I wish to have no connection with any ship that does not sail fast; for I intend to go in harm's way," wrote John Paul Jones in a letter dated Nov. 16, 1778. Pentagon officials are expected this month to announce the next round of call-ups to the Middle East, sending 100,000 fresh troops from communities across America to replace those serving in Iraq. Despite a debilitating month of casualties in the war, mobilization for the all-volunteer service is another way to embody the motto handed down from John Paul Jones, founding father of the American Navy. From Bunker Hill to Baghdad, U.S. security has rested in greater numbers on soldiers who choose to go in harm's way than those forced to serve. For the current call-ups to Iraq, their tour will last six months to a year. They will see $225 a month added to their paycheck for "imminent danger pay." Their battle zone will be a perplexing mix of guerrilla warfare and humanitarian do-goodism like opening schools and hospitals. They will confront a populace that is one minute soured and the next open-armed. They will be men and women like those who've gone before them, from an Army nurse pulling duty at the 21st Combat Support Hospital in Balad (see Brad O'Brien, p. 34) to a recent college grad pulling civilian-defense duties (see Kathleen Wasson, p. 35) to a 45-year-old chaplain reservist with a thriving congregation (see Ron Prosise, p. 37). They go, knowing that they will come home changed, and that they may not come home. This is war, after all. Robert Laverick, a member of the Army's 422nd Civil Affairs Battalion, normally worked from headquarters near the Republican Palace in Baghdad. An Army News Service story in June featured Mr. Laverick, a staff sergeant, helping with vaccinations at an Iraqi children's health clinic. On July 21 he was placed in charge of a public-health team sent to inspect a water-treatment plant north of Baghdad. Nearby residents had complained of contaminated water. The team thought some simple chlorination would fix it. Mr. Laverick led a small convoy out of the city in 120-degree heat. At an intersection a roadside bomb suddenly exploded, igniting the Humvee where Mr. Laverick was riding. Shrapnel cut through his right arm and both legs. More seriously, it severed his subclavian vein, leaving Mr. Laverick bleeding profusely from the chest. "I could not move my arms, and I was trapped inside a burning vehicle," he said. Mr. Laverick was also the one who was supposed to give orders. He remained conscious long enough to be dragged from the vehicle and to order someone to apply pressure to his chest. But there were no soldiers to spare. Mark Bibby, a corporal from Mr. Laverick's North Carolinabased reserve unit, had been killed when the bomb exploded, along with an Iraqi translator named Omar. Another soldier was seriously injured, leaving few good hands on deck. Then an Iraqi bystander stepped forward, unwound his own head scarf, and plunged it into Mr. Laverick's gaping chest. The Iraqi staunched the soldier's bleeding, tending him until he could be evacuated to the water-treatment plant. From there medical workers flew Mr. Laverick to the Army's 28th Combat Support Hospital in Baghdad. Battlefield casualties in Iraq include not only the 383 U.S. soldiers who have been killed in action since fighting began in March, but also more than 1,500 who have been wounded. Andrews Air Force Base outside Washington has become a virtual medical terminal, with C-17 transport planes arriving almost every night bearing soldiers on stretchers, as well as the walking wounded. The more seriously injured are taken to Walter Reed Army Medical Center or the National Naval Medical Center nearby. Others are flown on to home bases for care. Walter Reed's commander, Maj. Gen. Kevin C. Kiley, told The Washington Post there were only two days in July and four in August when the hospital did not admit soldiers injured in Iraq. U.S. Central Command reports 70 wounded and 34 killed in action during the month in which Mr. Laverick was wounded. But although the command keeps a tally of all wounded, it no longer reports them publicly unless they accompany fatalities. That means that the greater number of war wounded-in some months 10 times the number killed-is overshadowed by the more apparently tragic and readily reported numbers of the dead. A dead soldier's heroism can be summed up graveside; for the wounded, often no less heroic, their sacrifice fades into an unremarkable denouement of therapy wards and lingering convalescence. Two days after Mr. Laverick was hit, he was flown to the Army's Landstuhl Regional Medical Center in Germany. For a week he was on life support as his body battled a collapsed left lung and other internal injuries. On July 31 he was flown to Walter Reed and remained an inpatient there for a month. He spent another month as an outpatient, and since October has been at Fort Bragg on convalescent leave. "I'm doing OK," he told WORLD. "I know it's a miracle I am alive." Three days a week he has therapy to compensate for nerve damage to his left arm and right hand, along with shrapnel damage to both thigh muscles. His injuries have likely put an end to his peacetime career as a hospital floor nurse. It's a job he says requires a lot of heavy lifting. And they have dented his ability to maintain an addiction to extreme sports, like snowboarding and mountain biking. Mr. Laverick, who is 31 and the divorced father of a 7-year-old daughter and 12-year-old son, is quick to say the episode has restored unity to a family once scattered from its roots in western Pennsylvania's coalmines. "My brother got the phone call" about the attack, he said, "and we've been talking more ever since. It brought the whole family closer together." Mr. Laverick, who joined the Army at age 17, said he knew the risks of the mission and did not expect his job to get easier once President Bush declared an end to hostilities last May. "The 'end of the war' only meant we were no longer going against a formed force. We expected snipers and Fedayeen to continue attacking us. We had seen Syrian and Iranian infiltrators," he said. "But Baghdad is a big city. You cannot trust everyone and you cannot mistrust everyone. We were called to gain support. If you so mistrust them, they will mistrust you back." Would he sign up again, knowing what he knows now? "Nobody wants to go over and get hurt. Nobody wants to die. But I have a 12-year-old son, and either I did this or we wait another 10 years and my son has to deal with it. I believed in the mission, and after I got there I believed in the mission more." Jonathan Pruden, a first lieutenant, wasn't supposed to be driving on July 1. The regular driver had something in his eye. The 25-year-old-a medic with the 37th Infantry Battalion out of Ft. Stewart, Ga., who was promoted to an infantry executive officer halfway through the war-volunteered to take the wheel. He was leading a convoy that included his Humvee and a truck. Since Mr. Pruden crossed into Iraq with the main thrust of the 3rd Infantry Division (his unit fought and won control of the Baghdad airport the first week of April), to him the city was familiar territory. "We were hoping we'd be home by now but it looks like we'll be here for at least another two months," he had written his 13-year-old brother June 9. The convoy proceeded back to camp at Baghdad's Olympic soccer stadium. When the Humvee crossed an IED, or Improvised Explosive Device, his vehicle exploded, and Mr. Pruden took shrapnel in his feet, legs, upper torso, and head. "I remember being hit, and I remember watching all the blood pumping out of me," said Mr. Pruden, who began his Army career as a medic. He realized he would die if he didn't get a tourniquet on his legs, and yelled at his company commander to apply one. "Tighten it until I pass out," he told him. By the time Mr. Pruden reached a combat hospital he needed 15 units-almost two gallons-of blood. On the operating table he stopped breathing. Field doctors had to ignore his many wounds just to focus on saving his life. At the same hospital that night a fellow officer died from the attack and five other soldiers were treated for wounds. Mr. Pruden's mother, Jane, saw near-simultaneous coverage of the attack on the midday news without realizing it involved her son: "There was no mention of those wounded, and no way for me to know it was Jonathan, at that moment near death on the operating table." Americans at home were just learning about IEDs, deadly and unpredictable explosives that have become the holdouts' weapon of choice against coalition forces. Unconventional devices, they detonate into oversized chunks of shrapnel as well as BB-sized pellets. Doctors would remove two 1-inch-square chunks of metal from Mr. Pruden's face and, later, a block of shrapnel about 4 inches in diameter from beneath his shattered shoulder blade. Once stabilized, Mr. Pruden was flown to Landstuhl in Germany, where he underwent extensive surgery before arriving at Walter Reed on July 9. Back in the United States doctors began almost daily surgical procedures to save his feet and legs and to treat numerous other injuries. His eardrums had burst in the explosion, he lost one toe (with infection threatening others), and all the bones in one foot were shattered. By mid-August he was able to catalog his improving status for a local newspaper reporter. "I've had 11 operations, and I've got 14 pins in my legs right now. I've also got a broken shoulder blade, and I've got 174 pieces of shrapnel in me," he said. At the hospital Mr. Pruden earned a reputation as "a hard charger" who waved away anesthesia and other numbing drugs, which would have made daily life easier. His mother was on hand when a nurse, redressing his shoulder wound, pulled three feet of gauze out of the hole where the large block of shrapnel had embedded itself: "He squinted but wanted no anesthesia, even when the nurse offered it." Mr. Pruden has also refused amputation, recommended at various times by specialists as the less painful, more road-tested route to recovery. Along with protracted, painful convalescence have been tender mercies. At Landstuhl hospital, the chaplain on duty had attended the same church Mr. Pruden attended as a boy. A German exchange student, hosted by Mr. Pruden's family in the United States years ago, lived nearby, and paid a needed visit. Money arrived from complete strangers to cover family expenses like travel, including a $250 check from a highway patrolman whose son had returned safely from Iraq. The lieutenant's wife of two years, Amy, has been a constant bedside companion who, Mr. Pruden says, "kept me mentally sane." By mid-September when President Bush arrived at Ft. Stewart to address returning troops, Mr. Pruden had made it back to his home base. Nevertheless, the convalescent-now the recipient of a Purple Heart and two Army commendation medals-spent the day of the president's visit in a hospital one block away, watching Mr. Bush's pep talk on television. What are his views on the war after watching similar IED attacks against U.S. soldiers increase in recent weeks? "I think what we are doing is right and I would hate to see us pull out," he told WORLD. "I don't know if we need more soldiers, but the ones who are there need to be better supplied. We need more force protection measures." Mr. Pruden echoes others in the military calling for the Pentagon to give U.S. forces something more protective than the "soft skin" Humvees and to arm more of them with new-generation flak vests. This month he will undergo surgery again, an innovative tibia bone-graft procedure he has encouraged doctors to try on his lower leg. They will use a new genetically produced protein putty called OP1, combined with a graft from his pelvis. If successful, the procedure will close a 5-inch gap in the leg bone. Mr. Pruden also anticipates having his right ankle fused. "I will probably never be able to run again," he said. But he does plan to walk. And possibly to dance. Last month he took his wife to the military ball at Ft. Stewart. She wore a green formal and he wore dress blues from the waist up with a blanket over his legs. He allowed that "people seemed very happy to see me," and admitted that "no one is as injured as I am" among his fellow Iraq war veterans at Ft. Stewart, "but hundreds of guys are in my situation; there are amputees and others with a long road ahead." Mr. Pruden is quick to say yes when asked if he'd do it all over again. "It was my job. I feel like what we did was good and valid." Capt. Brad O'Brien U.S. Army Nurse / 21st Combat Support Hospital / Balad, Iraq SEPT. 10, 2003 It depends on your definition of "combat" to determine whether we're really experiencing combat casualties. There really aren't any young men dying from bullet wounds caused by uniformed Iraqi soldiers. More and more Americans are being injured by RPG rounds fired into convoying vehicles. Or land mines. The troops who stand the highest chance of sustaining wounds or being killed are those who have the formerly "safe" jobs: truck drivers or MP escorts for convoys. The Iraqis have virtually no recognizable roadway motorist courtesies. I have taken care of two soldiers, a young married PFC and her squad leader who was a staff sergeant. An Iraqi driver cut into their lane. The Iraqi was presumably dead in his vehicle but the two Americans were injured when their faces hit either the dashboard or some other surface in the cab of their truck. She was evacuated to Landstuhl Regional Medical Center near Rhein Main Air Force Base in Germany. At the Combat Support Hospital we have competent surgeons in multiple specialties, but even the best doctor in the world isn't going to do surgery if there are flies in the OR suite or you can see dust blowing across the floor. The risk of infection after surgery is too great. So Americans requiring most types of surgery are evacuated out of theater. Obviously we don't evacuate the Iraqi EPWs (Enemy Prisoners of War). It is now expected that they'll have to go back to surgery again and again for "irrigation and drainage" of the wounds left by surgery on their hips or femurs. And they are given Ancef, a heavy-duty antibiotic pretty much every eight hours to knock out any bugs they may have picked up in the OR. The Iraqi EPWs realize that even though they're under the watchful eye of young reservist MPs 24/7, they are receiving a level of medical care unavailable to them outside our concertina wire and sand berm. A few are devout and pray at regular intervals. One devout fellow is named Salah. He has external fixator rods to his right thigh and that makes getting out of bed to kneel in prayer difficult so he prays in bed. The other Iraqis-most of whom are ambulatory-don't get up to pray as Salah does. Some of the female nurses get all cutesy-cutesy with the EPWs, but I remind myself that each of these men are here because they fired, or were about to fire, at Americans when they were shot. (The high frequency of butt and thigh injuries tells me a lot of them were shot running away. Indeed, one man lost a testicle.) We've also had Iranians. Majid and his wife Zahra were here as "tourists." Who goes to a war-torn country as tourists? Zahra had a traumatic head wound. Majid stayed camped out by her bed and helped out a great deal with her care. When they were eventually discharged home Zahra was quite happy with the care she received although she wondered if her hair would grow back. The saddest patients are the young Americans with the diagnosis of adjustment disorder with SI (suicidal ideation). When you read their chart you see a host of events that would mess up anyone's psyche: early parental divorce or abandonment, etc. So the underlying psychological troubles were always present but the stress of this deployment managed to bring those problems to the surface and they interfere with job performance. Tomorrow is 9/11. The pastoral care team will provide a special prayer breakfast. I'm glad we aren't going to have to deal with that event on our own. Sept. 17, 2003 Took two Iraqi patients to the civilian hospital in Balad. Black flags hung from streetlamps and we didn't know why until we realized they were in mourning for a recently killed quasi-pro-American Shiite leader. The eerie part was seeing the big sign on a building with "SCIRI" on it. Supreme Council of Islamic Republic of Iraq seems to be moving in with full-force to fill the Saddam vacuum. I hope our boys didn't die to create a second Iran here. Please tell me that isn't the regime change we fought for. Oct. 1, 2003 The fear-inducing adrenaline-soaked moments are for most of us here in Balad few and far between. I guess MPs are the troops most feeling the heat of being a potential target. I was out of my cot and into a concrete barrier at about 0545 this a.m. after the magic words "Thunder thunder thunder" sounded over the PA system. Thunder is our codeword for enemy incoming mortar fire. None of it hit here to do any damage or cause any fatalities. In a not-quite-as-devoutly-Muslim-as-folks-back-home-want-to-believe country like Iraq, evidently alcohol isn't all that difficult to come by. MPs have the advantage of being out in the cities among the populace. Even if I did drink I wouldn't purchase anything from our "Haji" friends. (Haji seems to be this war's term of choice for both friendly and hostile locals, as in "If you're on the highway make sure you are extra careful around those Haji truck drivers." Most often the Hajis are Pakistani or Bangladeshi "guest workers" who do all manner of menial jobs.) Who can say that the liquor is really not poison or a bio-weapon? Here in Balad saluting is mandated by the command-that is annoying at a hospital since so many of our assigned soldiers are officers in the medical, dental, or nurse corps components. Ordinarily you don't salute in combat areas due to the fact that a sniper could pick out the "important folks" by who first salutes and who returns it. We also recently had a physical training test. I passed the PT test. But if an area is secure enough for troops to run a timed 2-mile run or go around saluting, then it must be a pretty safe area. Oct. 27, 2003 We keep things pretty tight around here 24/7. Though it would be nice if our hospital perimeter sentries actually had live rounds chambered in their M16s. (The young men and women who guard the entry points onto this base, however, do have ammo as far as I know.) I've been here since August, by the way, and I've never been issued ammunition for my 9mm pistol. It's been calm here. We feed our EPW patients a hefty meal at about 4 or 5 a.m. and the devout ones fast through the day. (Hospitalized Muslims are generally exempt from the Ramadam fasts. Of our five EPWs, we have one patient named Salah and he is a devout pray-er and faster; a "true believer.") Everyone anticipated the Muslims would use Ramadan for an all-out Viet Congstyle "Tet Offensive." The Red Crescent bombing/rocket attack is tragic, but I assume advanced planning and prep was done to react to hostilities like that. We got a few badly wounded guys here who were evacked here when the "sister CSH" could no longer take them in. But aside from that no major influx of patients like what we saw with the UN hotel blast. Kathleen (Casey) Wasson Department of Defense / Civilian Ministry of Finance / Coalition Provisional Authority / Baghdad Sept. 29, 2003 (Kuwait City) Eleven of us were recruited by the Pentagon for deployment to Baghdad. We call ourselves the "Magnificent Eleven." We are spending three days in Kuwait City prior to flying to Baghdad and have been attending security briefings. As part of our deployment, we each received a military duffel, complete with full camouflage, helmet, body armor, belt, boots, a canteen, and a gas mask. The Macedonian contractors who outfitted us tried to conceal their amusement as they tried to strap me into an "XL"-plated vest. They ended up fishing through boxes of camos to find every "Small/Short" item of clothing they could. We learned how to assemble and wear our gas masks. It took us an hour. You are supposed to be able to put one on in nine seconds. Oct. 1, 2003 We arose at 4 a.m. on Sept. 30 to head into Iraq. It took us about 18 hours from start to finish. Lots of paper and passport checking, and waiting. We flew on a C-130 and an armored convoy took us from Baghdad International Airport to the Republican Palace, guns cocked the entire way. The North Wing Dormitory, as it is known, is a large marble hallway with about 200 bedframes in it. The two other women on my team and I were not thrilled about sharing sleeping quarters with men (we were the only women; there were probably 100 men). We chose some beds behind a large marble pillar, thinking we would have more privacy. This turned out to be a joke. First of all, two Polish men also settled down on that side of the halls. Second, the crystal chandeliers in that area are permanently on. Third, we found out rather abruptly in the morning that "our" side of the hall was a busy thoroughfare. Although I sound acerbic, I would not trade this experience for anything. (The Lord's grace abounds in extraordinary circumstances! I am determined to be content when I am in plenty and when I am in want. At the end of it all, I am very grateful for these experiences and what I am learning from them.) Oct. 10, 2003 (Baghdad) We may live in a palace, but it hums like a campus. All the Iraqi governing ministries have headquarters here in the palace, stuffed away in miscellaneous rooms with a cubicle of interpreters outside each one. There are laptops everywhere, all hooked up to the same network. There are desk telephones with Boston area codes and hundreds of cell phones with New York area codes ringing constantly in the halls and offices. There are bundles of cables running along every wall, empty boxes stacked in hallways, and bottled water outside every palace door (by the way, the doors are so big that even on the internal doors, the doorknob is shoulder-high for me). Global Force Protection keeps armed Nepalese gurkas stationed at every palace door. Helicopters fly constantly overhead. I am now important enough to work out of a small kitchen-turned-office. There are a lot of kitchens in the palace. Although Saddam was hardly ever at his Baghdad palace, he required the preparation of 50 hot meals a day here on the off-chance that he might show up. My team and I are working for the Ministry of Finance. Our task is, among other things, to analyze and organize funding requests that have been sent to the Coalition Provisinal Authority from all over Iraq. The United Nations and the World Bank have already issued needs-assessment reports, which we consult. But our goal is to provide donors with "organic" needs-assessment data taken straight from the Iraqi people. This data will hopefully bolster the credibility of the funding requests made at the donors' conference. Oct. 24, 2003 I never thought I would pray to live in a trailer. But I am very, very happy; I have a 10-foot-by-9-foot room all to myself. The surrounding area is an absolute mess of rubble, and seems like an odd place for "residential" trailers. I think there had been work on developing another, more convenient trailer area, but apparently the diggers began turning up bodies, so work stopped. It is a little more dangerous in Baghdad than I initially thought. One of my team members was at the Ministry of Foreign Affairs when it was attacked. When the bomb exploded at the Baghdad Hotel, the palace shook. There was a mortar attack on the compound a few nights ago. I was sitting with the team last night at an outdoor bar at the Al-Rasheed Hotel for a drink (I had Fanta), and gunshots could be heard nearby for most of the time we were there. There are explosions and attacks in other parts of Iraq daily. Spies and con artists make it into some of the ministries and even into the palace at times. I think it causes more stress on the employees here than we realize. One of my team buddies is not eating much but is smoking more. Some people are losing weight. Some people drink with frequency. Some soldiers here have committed suicide. Yet, I know that God is here with His people: "He prepares a table before us in the presence of our enemies." When I walk into chapel every Sunday morning, God is there, and I know with certainty now that God inhabits the praises of His people. He gives grace, and I am not afraid, and I give thanks to Him. Oct. 27, 2003 As I walked to the palace from my trailer yesterday morning at about 6:10 a.m., I heard the impact of the rockets on the Al-Rasheed. I did not know that it was the Rasheed at the time, but I knew it was an attack, and I knew it was close. When I arrived at the office, I discovered that one of my British colleagues, whom I was going to accompany to the ministry in Baghdad that day, had been injured. That night, several of us walked into the gloomy patient room at Ibn Sina Hospital. There was our colleague lying on a cot, naked but for a blanket draped delicately over his wounded body. Both of his feet were thickly bandaged, having been badly burned when his room caught fire. His visible knee was massive and oozing; his shoulders, arms, and hands were peppered with shrapnel wounds; his right eye was surrounded by gashes freshly stitched. He tried to be cheerful and conversant. "Take my best advice," he said. "Never ever sleep in a hotel! I am indeed a lucky man. [Deputy Defense Secretary Paul] Wolfowitz even came in here today and gave me a badge!" Despite the appearance of good spirits, I could see etched in his face the shock and strain of the event, the reality that one day he was an energetic policy adviser, the next a battered victim of a terrorist attack. My daily reading was from Psalm 57: "My soul is among lions, I lie among the sons of men/Who are set on fire,/Whose teeth are spears and arrows,/And their tongue a sharp sword./Be exalted, O God, above the heavens;/Let Your glory be above all the earth." Ron Prosise U.S. Air Force Chaplain / Deputy Senior Adviser / Iraqi Ministry of Education / Baghdad May 20, 2003 I'm in Qatar waiting to go forward. I have a very unusual assignment for a chaplain. I will not be ministering to soldiers but will be working with the reconstruction of Iraq directly under Ambassador Paul Bremer. May 24, 2003 Saturday I flew on a C-17 to Kirkuk, then to Baghdad. I spent the night in "tent city" off the Baghdad International Airport. I was picked up Sunday and taken to Saddam's presidential palace, where ORHA (Office of Reconstruction and Humanitarian Assistance) has set up makeshift offices. This is where I work and live. It is impressive, and yes, there are gold-plated fixtures in the bathrooms. But the plumbing doesn't work, and the air-conditioning was sabotaged before the Iraqis left. My task is to revive the educational system in Iraq. This covers everything from rebuilding damaged schools (from years of neglect, battle damage, and looting), to paying teachers, to providing security for the end-of-year exams (which in the past have been stolen and sold), to revising curriculum, to de-Baathification of the educational system, to coordinating nongovernment organizations like UNICEF and UNESCO and Save the Children and others. It is a huge undertaking. June 1, 2003 Yesterday the big agenda item was to meet with an imam in Baghdad. Unlike other officers, chaplains do the driving as the assistant "rides shotgun" with the weapon. Driving in Baghdad is challenging enough with conditions here (no stoplights, stop signs, speed limits, or police), but when you are late for a meeting, it adds to the mix. As we headed down the expressway, we saw that traffic had slowed to a stop with all of the cars in the right lanes stopped for a long gas line. My assistant suggested driving over the median and going the wrong way down the expressway. I hesitated for a moment, then went into action. The Humvee handled the median nicely, and now there was no turning back. All the cars that were coming toward me in the fast lane honked and flashed their lights, but got out of the way of an oncoming military Humvee. Today I had the privilege of preaching here in the palace. In fact, it was in the very room where Saddam would pronounce his judgments upon those who were brought in before him. I am amazed at what God has done. And the people here are truly grateful. June 11, 2003 Last week an MP was killed at night: Sergeant Travis Burkhardt. His memorial service was yesterday. At the end of the service, according to Army tradition, his company was called to attention, and the First Sergeant began roll call. "Sergeant Anderson?" "Here!" "Specialist Brown?" "Here!" "Specialist Davis!?" "Here!" (Then the name of the deceased) "Sergeant Burkhardt?" (No answer) "Sergeant Burkhardt?" (No answer) "Sergeant Travis Lee Burkhardt?" (No answer) At this point taps was played. It's now Wednesday evening. The assignment today was a crucial one: Phase 1 distribution of salary payments for Baghdad school teachers and employees. Our MP escort had mistakenly taken off without us, which I was to find out was divinely orchestrated. It allowed me to talk with one of the native translators, Raghad, who was to work with me today. I was so delighted to find out she is a Christian, and she was amazed and overjoyed when I told her that I am a pastor. The salary distribution today was chaotic, and we almost had a riot on our hands as at one point teachers burst through the door and flooded into the building. Only five MPs and I could respond to this group. July 17, 2003 I'm winding down here-I'll be leaving next week. Yesterday morning I was given the mission to ensure salary distribution for one of the four Baghdad districts. On our way back I found myself singing a song from family camp, and tears began coming down my face as I thought about missing my family and God protecting me so that my wife and kids can have their husband and dad return home safe. About this time, our driver was maneuvering between a bus and a car and smashed his right rear-view mirror against the bus. He explained to the sergeant in charge that he had to do it to avoid an accident. The sergeant said, "You know where that's going, don't you?" The driver replied, "Yes." They have a "Wall of Shame" where they hang accident parts with the name of the driver. We passed an 8-year-old boy in a car who gave me a "thumbs up." I couldn't help but return it. This pleased him, and he smiled and blew me a kiss. Another mile down the road we heard a gunshot-the sergeant yelled, "Shot fired!" and the driver sped up as fast as he could. Ahead was an intersection that was completely gridlocked. The sergeant was forced to get out of the Humvee with another soldier from the second Humvee in our convoy, and try to get cars going. The driver asked me if I had a weapon. I said, "That's one of the disadvantages of being a chaplain-no weapon. But one of the advantages is that God looks out for me." The driver responded, "Roger that," and we both kept our eyes fixed on our two soldiers, ready for something that hopefully would not happen.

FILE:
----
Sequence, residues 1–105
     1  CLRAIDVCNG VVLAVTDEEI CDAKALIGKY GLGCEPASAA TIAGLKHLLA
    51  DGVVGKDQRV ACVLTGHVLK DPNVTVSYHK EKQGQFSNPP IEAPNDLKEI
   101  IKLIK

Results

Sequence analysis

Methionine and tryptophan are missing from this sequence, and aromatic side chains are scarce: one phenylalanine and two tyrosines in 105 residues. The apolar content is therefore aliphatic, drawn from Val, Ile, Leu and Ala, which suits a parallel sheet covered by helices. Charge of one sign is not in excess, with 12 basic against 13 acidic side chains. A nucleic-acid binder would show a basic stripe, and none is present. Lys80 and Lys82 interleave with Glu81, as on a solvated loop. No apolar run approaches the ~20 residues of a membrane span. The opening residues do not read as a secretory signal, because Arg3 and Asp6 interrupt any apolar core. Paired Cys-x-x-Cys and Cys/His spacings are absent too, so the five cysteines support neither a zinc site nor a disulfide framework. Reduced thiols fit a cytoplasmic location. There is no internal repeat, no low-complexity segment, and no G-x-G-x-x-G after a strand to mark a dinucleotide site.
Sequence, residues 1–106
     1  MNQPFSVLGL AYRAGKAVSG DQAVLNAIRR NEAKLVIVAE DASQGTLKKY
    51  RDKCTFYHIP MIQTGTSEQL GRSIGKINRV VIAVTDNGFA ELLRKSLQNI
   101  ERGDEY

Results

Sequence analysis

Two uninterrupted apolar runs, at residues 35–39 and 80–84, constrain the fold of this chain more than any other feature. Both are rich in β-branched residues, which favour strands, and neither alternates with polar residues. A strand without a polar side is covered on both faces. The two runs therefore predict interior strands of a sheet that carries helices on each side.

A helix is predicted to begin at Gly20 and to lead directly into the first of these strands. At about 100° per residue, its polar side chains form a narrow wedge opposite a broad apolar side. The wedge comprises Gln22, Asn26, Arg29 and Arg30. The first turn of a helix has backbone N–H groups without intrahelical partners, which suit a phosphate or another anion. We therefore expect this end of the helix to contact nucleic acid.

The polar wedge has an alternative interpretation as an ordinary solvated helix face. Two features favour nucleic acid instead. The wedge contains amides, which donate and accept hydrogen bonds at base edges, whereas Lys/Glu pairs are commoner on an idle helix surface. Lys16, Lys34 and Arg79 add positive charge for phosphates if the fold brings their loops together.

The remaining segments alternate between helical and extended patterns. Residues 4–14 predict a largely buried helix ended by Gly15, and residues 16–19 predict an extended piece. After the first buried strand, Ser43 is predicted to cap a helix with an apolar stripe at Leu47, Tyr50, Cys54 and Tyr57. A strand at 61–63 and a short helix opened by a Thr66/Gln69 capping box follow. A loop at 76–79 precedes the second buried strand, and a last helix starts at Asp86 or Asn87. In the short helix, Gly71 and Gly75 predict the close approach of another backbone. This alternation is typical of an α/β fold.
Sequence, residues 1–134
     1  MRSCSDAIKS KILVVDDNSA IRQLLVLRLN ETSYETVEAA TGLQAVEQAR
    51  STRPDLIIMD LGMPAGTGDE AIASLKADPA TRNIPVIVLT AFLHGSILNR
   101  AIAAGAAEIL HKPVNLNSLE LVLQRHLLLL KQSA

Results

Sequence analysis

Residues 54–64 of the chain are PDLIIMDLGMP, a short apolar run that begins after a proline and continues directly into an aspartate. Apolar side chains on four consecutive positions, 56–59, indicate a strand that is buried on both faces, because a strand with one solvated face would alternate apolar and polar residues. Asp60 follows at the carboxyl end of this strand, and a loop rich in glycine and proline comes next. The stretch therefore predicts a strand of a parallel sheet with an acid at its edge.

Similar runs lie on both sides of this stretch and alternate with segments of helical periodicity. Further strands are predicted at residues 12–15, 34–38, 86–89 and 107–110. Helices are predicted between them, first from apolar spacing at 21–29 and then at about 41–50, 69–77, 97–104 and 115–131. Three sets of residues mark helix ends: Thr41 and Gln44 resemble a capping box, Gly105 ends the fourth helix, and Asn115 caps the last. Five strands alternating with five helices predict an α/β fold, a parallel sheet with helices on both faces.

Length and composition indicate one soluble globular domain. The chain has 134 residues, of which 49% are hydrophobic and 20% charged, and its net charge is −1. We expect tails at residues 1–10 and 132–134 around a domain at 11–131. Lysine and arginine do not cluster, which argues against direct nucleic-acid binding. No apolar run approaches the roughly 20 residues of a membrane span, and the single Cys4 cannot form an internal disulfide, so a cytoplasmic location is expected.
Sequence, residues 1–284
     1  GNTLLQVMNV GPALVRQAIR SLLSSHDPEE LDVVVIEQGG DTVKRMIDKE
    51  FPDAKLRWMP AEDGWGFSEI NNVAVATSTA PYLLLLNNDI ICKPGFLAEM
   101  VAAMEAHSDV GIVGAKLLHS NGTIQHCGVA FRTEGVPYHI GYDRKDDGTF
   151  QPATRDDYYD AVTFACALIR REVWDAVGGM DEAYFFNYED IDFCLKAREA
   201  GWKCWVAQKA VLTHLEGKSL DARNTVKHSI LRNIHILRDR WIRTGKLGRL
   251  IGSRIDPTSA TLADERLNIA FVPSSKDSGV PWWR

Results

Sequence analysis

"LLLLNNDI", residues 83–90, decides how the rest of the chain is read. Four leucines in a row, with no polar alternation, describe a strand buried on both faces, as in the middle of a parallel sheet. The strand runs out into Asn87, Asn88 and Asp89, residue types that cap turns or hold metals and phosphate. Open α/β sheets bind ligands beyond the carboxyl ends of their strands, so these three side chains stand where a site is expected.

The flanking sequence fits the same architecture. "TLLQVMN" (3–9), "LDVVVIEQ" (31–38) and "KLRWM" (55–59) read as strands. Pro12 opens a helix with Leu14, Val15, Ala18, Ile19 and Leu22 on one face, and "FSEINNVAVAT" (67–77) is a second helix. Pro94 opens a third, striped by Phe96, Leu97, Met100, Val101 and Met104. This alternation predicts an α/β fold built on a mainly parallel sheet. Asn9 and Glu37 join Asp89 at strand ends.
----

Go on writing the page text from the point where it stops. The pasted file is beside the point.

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Mindy Belz
Mindy Belz

Mindy travels to the far corners of the globe as the editor of WORLD and lives with her family in the mountains of western North Carolina. Follow Mindy on Twitter @mcbelz.